The ADHD question for the day: Is there a causal relationship between ADHD and poor self-esteem?
by Bill Mehlman
So, folks, it's quiz time again. Unfortunately, I don't have one of those widgets that you see on the sports blogs, which enable you to vote on critical issues ("Who was the greater athlete: Michael Jordan, Wayne Gretsky, The Great Lebowski, Tonya Harding, Willie Mosconi or Secretariat?") and see what your fellow Nobel laureates think, so you'll have to post comments. Or else.
The question for the day: Is there a causal relationship between ADHD and poor self-esteem?
Or, to put it on a more personal level, "Have you ever known—or been—a person afflicted with ADHD who has a good self-image?
My vote is, "No, are you kidding?"
The subterranean, amorphous, malignant information that we—We—carry around with us, the knowledge that we're almost certainly "different" from "them," certainly doesn't do much for our self-confidence. I think we can stipulate that some kind of link exists between the two conditions. What we need to figure out is whether the ADHD is the proximate cause of the feeble self-image, or if the lack of self-esteem contributes to the inability to function.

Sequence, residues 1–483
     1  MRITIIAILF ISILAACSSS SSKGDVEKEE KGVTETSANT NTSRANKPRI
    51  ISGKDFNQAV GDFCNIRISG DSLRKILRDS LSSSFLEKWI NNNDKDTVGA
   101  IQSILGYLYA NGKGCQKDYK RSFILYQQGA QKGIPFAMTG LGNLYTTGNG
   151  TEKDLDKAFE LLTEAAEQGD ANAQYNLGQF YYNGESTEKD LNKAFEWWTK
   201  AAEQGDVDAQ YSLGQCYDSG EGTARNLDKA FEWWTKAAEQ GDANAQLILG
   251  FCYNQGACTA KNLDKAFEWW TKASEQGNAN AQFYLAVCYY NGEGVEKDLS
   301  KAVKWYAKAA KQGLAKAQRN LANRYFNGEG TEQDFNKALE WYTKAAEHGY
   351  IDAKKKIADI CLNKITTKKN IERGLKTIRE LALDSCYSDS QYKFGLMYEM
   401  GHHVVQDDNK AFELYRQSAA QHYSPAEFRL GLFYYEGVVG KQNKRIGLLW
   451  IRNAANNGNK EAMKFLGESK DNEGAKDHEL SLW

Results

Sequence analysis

Intuitively, I'd have to believe that the ADHD is more of a hard-wired situation. Whatever environmental factors may enter into its etiology, my personal experience is that the problem is largely congenital. You got dealt a bad hand, Jack, and you just have to deal with it.
The lack of self-esteem seems, equally intuitively, to be something more readily attributable to external factors. It would be a remarkable child who, lacking parental support and affection, grows to be a self-confident, focused adult.
Somewhere, hand and hand with these two issues, of course, runs our old friend Depression. But for the purposes of accurate polling, we'll leave him on the bench for this discussion.
So, gentle readers, care to offer any thoughts on this chicken/egg quandry?
And, speaking of poultry, Happy Thanksgiving to all.